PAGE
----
Berlin is at once a massive yet tiny city. It is a city of ghosts and of vibrant life. It is a place where the East meets the West, and everything in between.
I wasn’t sure what to expect when I came to Berlin. But the one thing I didn’t expect was to feel severely depressed for my first month of being there.
After weeks of pondering and agonizing over why I was feeling so down, I finally figured it out: I wasn’t able to ground myself. I was lost. And yet I wasn’t. That was it. Berlin has so many dichotomies, that I wasn’t sure how to feel half the time. There is a constant shift from “hot” to “cold” and my body wasn’t sure how to react.
Most Berliners speak some English, to the point where one can be deceived into thinking that they don’t need to learn Deutsch. Big mistake. While it’s a total blessing to communicate in English while in a foreign country, one has to be aware that all media, websites, signs, and vital information is not in English. Germany is not a bilingual country, even though it sometimes appears to be. Mein Deutsch ist schlect, but I thought I could get by without knowing the language. In reality, one can just get by in Berlin with only speaking English. But if you want any level of success, knowing Deutsch is crucial.
Berlin has so much to offer, but when you just arrive, it’s almost too much. Where do you start? As a dancer, there was a million studios, instructors, and venues to choose from, but it was hard to get an “in”. Even when you think you have an “in”, it’s really just the tip of the iceberg. For every club you’ve been to, there are a hundred that you don’t even know about.
There is also a contrast between East and West Berlin, and at the same time a unity amongst all Berliners. So, where to live? I still haven’t figured that one out, although I have found some neighborhoods that I love. Neukölln and Kreuzburg are my favorite, but I love Mitte and Charlottenburg and Prenzlauer berg, as well. And each neighborhood offers a totally different experience, so it’s a tough decision.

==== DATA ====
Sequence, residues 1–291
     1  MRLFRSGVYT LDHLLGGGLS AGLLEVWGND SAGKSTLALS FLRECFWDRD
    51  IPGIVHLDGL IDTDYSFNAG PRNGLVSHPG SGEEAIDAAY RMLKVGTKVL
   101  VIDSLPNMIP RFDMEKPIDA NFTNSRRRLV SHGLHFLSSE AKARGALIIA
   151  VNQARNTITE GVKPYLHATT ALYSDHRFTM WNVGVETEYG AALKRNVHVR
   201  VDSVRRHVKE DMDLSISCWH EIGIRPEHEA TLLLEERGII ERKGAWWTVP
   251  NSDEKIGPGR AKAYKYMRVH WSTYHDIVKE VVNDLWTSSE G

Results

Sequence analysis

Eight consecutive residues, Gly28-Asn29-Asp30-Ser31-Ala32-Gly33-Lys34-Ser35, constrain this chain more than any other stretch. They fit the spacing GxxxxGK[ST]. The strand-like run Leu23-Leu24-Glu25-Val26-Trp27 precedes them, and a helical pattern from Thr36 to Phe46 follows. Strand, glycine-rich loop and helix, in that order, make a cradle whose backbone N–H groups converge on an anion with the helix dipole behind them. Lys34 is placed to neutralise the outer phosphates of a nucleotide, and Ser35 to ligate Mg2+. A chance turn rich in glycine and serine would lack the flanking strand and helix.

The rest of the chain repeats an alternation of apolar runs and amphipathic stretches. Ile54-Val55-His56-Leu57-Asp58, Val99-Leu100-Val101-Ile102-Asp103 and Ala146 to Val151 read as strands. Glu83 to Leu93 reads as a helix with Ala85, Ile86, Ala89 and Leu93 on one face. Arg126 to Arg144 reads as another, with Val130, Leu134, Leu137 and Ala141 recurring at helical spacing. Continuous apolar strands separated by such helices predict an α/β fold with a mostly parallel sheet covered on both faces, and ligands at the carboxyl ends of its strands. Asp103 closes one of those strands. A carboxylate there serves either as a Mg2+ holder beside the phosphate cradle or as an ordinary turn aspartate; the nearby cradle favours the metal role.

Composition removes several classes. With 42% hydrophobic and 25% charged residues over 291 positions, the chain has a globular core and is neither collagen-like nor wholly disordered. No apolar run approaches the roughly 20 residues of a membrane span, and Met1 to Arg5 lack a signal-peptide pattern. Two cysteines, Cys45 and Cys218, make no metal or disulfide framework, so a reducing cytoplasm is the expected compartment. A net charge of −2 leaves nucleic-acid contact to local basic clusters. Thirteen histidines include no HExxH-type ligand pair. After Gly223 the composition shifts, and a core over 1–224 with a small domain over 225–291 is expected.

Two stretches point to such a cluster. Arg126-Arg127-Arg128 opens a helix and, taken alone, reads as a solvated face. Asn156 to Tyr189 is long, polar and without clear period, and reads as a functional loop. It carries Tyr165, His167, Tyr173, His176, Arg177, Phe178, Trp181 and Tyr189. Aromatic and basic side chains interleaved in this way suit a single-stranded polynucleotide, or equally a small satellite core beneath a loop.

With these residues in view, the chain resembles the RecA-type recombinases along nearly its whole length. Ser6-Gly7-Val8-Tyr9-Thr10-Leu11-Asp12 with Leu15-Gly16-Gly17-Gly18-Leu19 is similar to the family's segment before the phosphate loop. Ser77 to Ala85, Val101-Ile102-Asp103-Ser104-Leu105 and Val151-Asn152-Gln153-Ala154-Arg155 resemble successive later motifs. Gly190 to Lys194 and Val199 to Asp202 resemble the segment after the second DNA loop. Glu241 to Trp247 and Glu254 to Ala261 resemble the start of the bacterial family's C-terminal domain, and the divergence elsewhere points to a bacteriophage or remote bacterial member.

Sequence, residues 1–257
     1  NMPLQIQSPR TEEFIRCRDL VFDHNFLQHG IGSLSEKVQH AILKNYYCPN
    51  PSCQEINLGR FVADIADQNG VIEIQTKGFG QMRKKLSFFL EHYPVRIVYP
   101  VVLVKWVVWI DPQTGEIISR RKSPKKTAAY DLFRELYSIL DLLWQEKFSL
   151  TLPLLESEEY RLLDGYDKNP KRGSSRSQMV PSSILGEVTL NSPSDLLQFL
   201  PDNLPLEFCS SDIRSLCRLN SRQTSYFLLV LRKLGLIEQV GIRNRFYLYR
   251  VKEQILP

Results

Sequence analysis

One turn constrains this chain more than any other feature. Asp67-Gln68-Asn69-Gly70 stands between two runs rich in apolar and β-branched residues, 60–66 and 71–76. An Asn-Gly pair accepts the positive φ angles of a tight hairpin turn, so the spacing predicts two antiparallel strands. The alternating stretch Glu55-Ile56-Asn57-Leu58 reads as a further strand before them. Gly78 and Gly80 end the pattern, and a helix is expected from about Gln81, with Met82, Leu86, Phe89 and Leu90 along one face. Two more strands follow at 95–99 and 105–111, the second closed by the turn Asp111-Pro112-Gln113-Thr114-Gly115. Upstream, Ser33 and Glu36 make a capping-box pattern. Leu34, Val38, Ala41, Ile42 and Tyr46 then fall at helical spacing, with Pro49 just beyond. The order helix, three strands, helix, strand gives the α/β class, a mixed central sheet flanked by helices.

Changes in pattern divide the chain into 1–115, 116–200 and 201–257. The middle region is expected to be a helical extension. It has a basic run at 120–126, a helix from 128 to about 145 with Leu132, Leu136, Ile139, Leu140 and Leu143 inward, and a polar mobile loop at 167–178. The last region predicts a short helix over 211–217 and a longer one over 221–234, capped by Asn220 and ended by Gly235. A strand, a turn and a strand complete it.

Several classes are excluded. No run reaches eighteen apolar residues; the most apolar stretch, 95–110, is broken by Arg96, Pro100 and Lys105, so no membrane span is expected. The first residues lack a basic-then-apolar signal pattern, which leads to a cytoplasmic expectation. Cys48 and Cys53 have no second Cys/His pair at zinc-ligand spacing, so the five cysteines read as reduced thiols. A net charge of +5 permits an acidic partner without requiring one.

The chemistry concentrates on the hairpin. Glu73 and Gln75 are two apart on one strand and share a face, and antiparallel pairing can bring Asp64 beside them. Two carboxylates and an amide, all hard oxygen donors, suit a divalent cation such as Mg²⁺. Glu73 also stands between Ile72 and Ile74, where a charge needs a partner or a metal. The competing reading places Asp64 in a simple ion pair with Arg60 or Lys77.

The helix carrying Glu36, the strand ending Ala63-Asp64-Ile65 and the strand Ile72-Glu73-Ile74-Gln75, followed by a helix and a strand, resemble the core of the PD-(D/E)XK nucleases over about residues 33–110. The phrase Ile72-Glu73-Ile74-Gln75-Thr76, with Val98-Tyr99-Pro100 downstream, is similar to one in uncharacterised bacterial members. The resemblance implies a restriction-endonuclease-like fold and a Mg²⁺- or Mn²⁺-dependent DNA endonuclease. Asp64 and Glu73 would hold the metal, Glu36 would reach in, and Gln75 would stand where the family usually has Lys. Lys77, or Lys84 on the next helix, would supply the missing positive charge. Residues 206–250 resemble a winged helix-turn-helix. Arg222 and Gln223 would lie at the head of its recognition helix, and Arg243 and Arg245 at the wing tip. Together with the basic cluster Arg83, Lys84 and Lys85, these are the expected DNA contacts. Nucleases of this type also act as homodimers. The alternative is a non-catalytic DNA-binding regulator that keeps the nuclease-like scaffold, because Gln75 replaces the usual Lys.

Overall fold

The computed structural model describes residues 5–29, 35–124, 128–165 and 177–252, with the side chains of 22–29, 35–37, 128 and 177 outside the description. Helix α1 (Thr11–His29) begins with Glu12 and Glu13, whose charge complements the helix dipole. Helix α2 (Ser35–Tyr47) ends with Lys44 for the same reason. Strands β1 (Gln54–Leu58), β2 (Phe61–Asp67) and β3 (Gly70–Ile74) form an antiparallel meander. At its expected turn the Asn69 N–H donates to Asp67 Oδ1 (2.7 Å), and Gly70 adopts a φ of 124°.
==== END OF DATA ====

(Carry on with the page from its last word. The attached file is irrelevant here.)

There are way too many dichotomies to list. What I do find comfort in is knowing that I’m not the only one who has felt depressed upon arriving in Berlin. I met a singer/song writer named Orit Shimoni. She wrote a wonderful song called "Sadder Music" that sums up exactly how I was feeling. It was a great moment to be sitting outside at a picnic table on a hot summer night, surrounded by people from all walks of life, listening to Orit spill her soul about Berlin. It’s always nice knowing there is someone to whom I can relate.
After being in Berlin for three months, the depression has passed. I love the city, and all of its quirks and charms. And I sympathize with Berlin. Despite being over 700 years old, Berlin is somewhat like a teenager with an identity crisis. Is the city Gothic, punk, historical, modern, hip, rundown, or just content with being all of the above? Whichever the case, Berlin has a little something for everyone. You just have to be content with whatever the city throws your way.